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CA Sues Sutter Health Over Healthcare Cost, Competition Concerns

Sutter Health allegedly engaged in anti-trust behaviors that reduced competition and increased healthcare costs in Northern California, the state’s Attorney General said.

Healthcare costs and competition

Source: Thinkstock

By Jacqueline LaPointe

- California’s Attorney General Xavier Becerra recently announced that the state filed a lawsuit against Sutter Health that accuses the largest health system in Northern California of engaging in anticompetitive behavior that resulted in higher healthcare costs.

The lawsuit claimed that Sutter Health intentionally established, increased, and maintained market power to control healthcare prices and exclude competition. The non-profit health system also allegedly set prices for hospital services and ancillary products that were significantly higher than the prices that would have been charged in a competitive market.

“Sutter Health is throwing its weight around in the healthcare market, engaging in illegal, anticompetitive pricing that hurts California families,” Becerra said. “These tactics are risking Californians’ lives by driving up the cost of healthcare for everyone. Big business should not be able to throttle competition at the expense of patients.”

Sutter Health is one of the largest health systems in the northern region of California with 24 hospitals, 31 ambulatory surgery centers, 9 cancer centers, 6 specialty care centers, and 9 major physician organizations. The health system also negotiates on behalf of several other affiliated organizations, including the Palo Alto Medical Foundation.

The system generated over $12 billion in operating revenues in 2017, according to the organization’s website.

The Attorney General alleged that the non-profit health system of over 53,000 employees violated a state anti-trust law by negotiating with payers through an “all or nothing” approach, which requires payers to negotiate with all facilities in the health system or face termination of contract.

Sutter Health also allegedly prevented insurance companies from expanding low-cost health plan options for beneficiaries.

“For example, an insurance company might charge a $200 out-of-pocket cost for an outpatient surgery performed by a facility outside of the preferred group and $100 for outpatient surgery performed by a facility inside the preferred group,” the California Attorney General explained.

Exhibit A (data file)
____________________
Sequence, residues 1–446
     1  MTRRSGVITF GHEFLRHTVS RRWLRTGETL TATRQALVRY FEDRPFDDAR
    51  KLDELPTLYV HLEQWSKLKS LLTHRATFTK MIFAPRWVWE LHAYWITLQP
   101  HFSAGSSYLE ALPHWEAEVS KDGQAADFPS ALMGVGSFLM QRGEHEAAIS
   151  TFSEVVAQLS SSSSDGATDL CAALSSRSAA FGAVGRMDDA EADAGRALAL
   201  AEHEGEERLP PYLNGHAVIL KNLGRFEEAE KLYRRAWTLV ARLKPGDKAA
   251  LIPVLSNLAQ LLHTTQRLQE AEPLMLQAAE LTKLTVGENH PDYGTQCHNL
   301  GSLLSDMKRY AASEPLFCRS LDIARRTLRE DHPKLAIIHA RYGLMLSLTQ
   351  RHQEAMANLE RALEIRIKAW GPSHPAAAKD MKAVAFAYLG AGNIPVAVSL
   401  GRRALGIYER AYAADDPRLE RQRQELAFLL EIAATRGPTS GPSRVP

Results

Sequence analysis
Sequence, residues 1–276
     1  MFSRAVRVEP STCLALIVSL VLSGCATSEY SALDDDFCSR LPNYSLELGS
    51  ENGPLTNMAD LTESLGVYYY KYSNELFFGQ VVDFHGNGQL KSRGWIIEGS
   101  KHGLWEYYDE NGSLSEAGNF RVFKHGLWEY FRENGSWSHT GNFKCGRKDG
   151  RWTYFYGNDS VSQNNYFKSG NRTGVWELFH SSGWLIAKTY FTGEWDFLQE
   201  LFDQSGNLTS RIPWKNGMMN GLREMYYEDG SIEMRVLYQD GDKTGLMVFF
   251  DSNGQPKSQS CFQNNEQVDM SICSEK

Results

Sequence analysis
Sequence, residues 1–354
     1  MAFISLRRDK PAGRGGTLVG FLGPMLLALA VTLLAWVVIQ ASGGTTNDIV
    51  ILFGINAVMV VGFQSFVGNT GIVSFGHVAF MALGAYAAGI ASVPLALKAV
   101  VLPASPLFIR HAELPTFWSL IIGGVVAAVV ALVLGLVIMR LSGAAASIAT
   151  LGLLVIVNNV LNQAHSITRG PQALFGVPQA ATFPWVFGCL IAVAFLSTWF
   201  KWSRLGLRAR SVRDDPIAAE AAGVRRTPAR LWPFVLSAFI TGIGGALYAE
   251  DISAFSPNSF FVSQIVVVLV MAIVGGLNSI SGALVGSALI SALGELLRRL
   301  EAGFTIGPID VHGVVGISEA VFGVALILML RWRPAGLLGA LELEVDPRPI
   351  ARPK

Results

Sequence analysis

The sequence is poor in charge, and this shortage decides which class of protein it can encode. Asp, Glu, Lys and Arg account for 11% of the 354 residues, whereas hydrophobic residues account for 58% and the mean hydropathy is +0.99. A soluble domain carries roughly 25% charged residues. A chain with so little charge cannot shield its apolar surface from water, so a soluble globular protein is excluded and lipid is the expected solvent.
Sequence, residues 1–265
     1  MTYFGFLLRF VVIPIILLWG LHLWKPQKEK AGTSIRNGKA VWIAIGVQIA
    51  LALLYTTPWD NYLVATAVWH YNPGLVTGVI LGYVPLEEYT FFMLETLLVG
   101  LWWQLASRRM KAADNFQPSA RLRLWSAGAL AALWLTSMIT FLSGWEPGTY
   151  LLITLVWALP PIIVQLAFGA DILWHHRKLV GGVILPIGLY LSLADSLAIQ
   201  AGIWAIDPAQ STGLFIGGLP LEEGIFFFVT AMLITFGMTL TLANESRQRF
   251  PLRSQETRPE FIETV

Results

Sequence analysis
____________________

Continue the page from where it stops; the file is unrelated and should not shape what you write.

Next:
Other illegal behaviors alleged in the lawsuit included setting “excessively high” out-of-network rates for patients receiving care outside of the network and limiting publication of provider cost information and rates.

The complaint accused Sutter Health of using the profits earned from illegal practices to acquire provider organizations, excessively compensate their executives, and finance its own insurance line.

Sutter Health did not comment on specific claims from the California Attorney General’s office.

However, the health system said on its website that it is “proud to save patients, government payers and health plans hundreds of millions of dollars each year by providing more efficient and integrated care.” The announcement pointed out that publicly available data shows that, on average, Sutter Health charged less for an inpatient stay compared to other hospitals in the region.

Furthermore, Sutter Health reported that it maintained overall rate increases in the single digits since 2012 even though labor, facility, and health IT costs rose 37 percent during the same period.

“It’s also important to note that healthy competition and choice exists across Northern California,” the health system added. “There are 15 major hospital systems and 142 hospitals in Northern California, including Kaiser Permanente, Dignity, Adventist, Tenet, UC and more. And health plans can elect to include or exclude parts of the Sutter Health system from their networks, and health plans have been doing so for many years.”

California Attorney General Becerra noted that the Sutter Health complaint is part of a larger investigation into the wide healthcare cost disparity between Northern and Southern California. He referenced a 2011 Los Angeles Times report that found hospitals in Northern California’s six most populous counties earned 56 percent more revenue per patient per day from payers and patients compared to hospitals in Southern California’s six biggest counties.

Healthcare mergers and acquisitions in California contributed to higher healthcare costs throughout the state, a recent University of California Berkeley study showed. But consolidation in Northern California was especially an issue for healthcare costs.

The average inpatient procedure cost $223,278 in the consolidated Northern California market versus just $131,586 in the Southern California market, researchers reported.

In light of the report, Becerra called for action prior to filing the lawsuit against Sutter Health. He aims to make consumer protections and market competition a top priority during his tenure.

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